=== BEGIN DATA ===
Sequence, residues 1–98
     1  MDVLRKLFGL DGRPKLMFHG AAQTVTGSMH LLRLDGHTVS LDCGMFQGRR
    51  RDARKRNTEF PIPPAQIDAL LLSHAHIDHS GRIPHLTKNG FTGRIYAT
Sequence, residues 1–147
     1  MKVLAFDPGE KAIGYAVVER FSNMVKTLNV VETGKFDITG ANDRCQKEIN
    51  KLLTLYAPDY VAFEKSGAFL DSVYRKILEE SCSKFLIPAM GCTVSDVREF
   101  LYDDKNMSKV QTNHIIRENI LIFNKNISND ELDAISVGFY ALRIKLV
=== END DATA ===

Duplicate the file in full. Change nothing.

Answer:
Sequence, residues 1–98
     1  MDVLRKLFGL DGRPKLMFHG AAQTVTGSMH LLRLDGHTVS LDCGMFQGRR
    51  RDARKRNTEF PIPPAQIDAL LLSHAHIDHS GRIPHLTKNG FTGRIYAT
Sequence, residues 1–147
     1  MKVLAFDPGE KAIGYAVVER FSNMVKTLNV VETGKFDITG ANDRCQKEIN
    51  KLLTLYAPDY VAFEKSGAFL DSVYRKILEE SCSKFLIPAM GCTVSDVREF
   101  LYDDKNMSKV QTNHIIRENI LIFNKNISND ELDAISVGFY ALRIKLV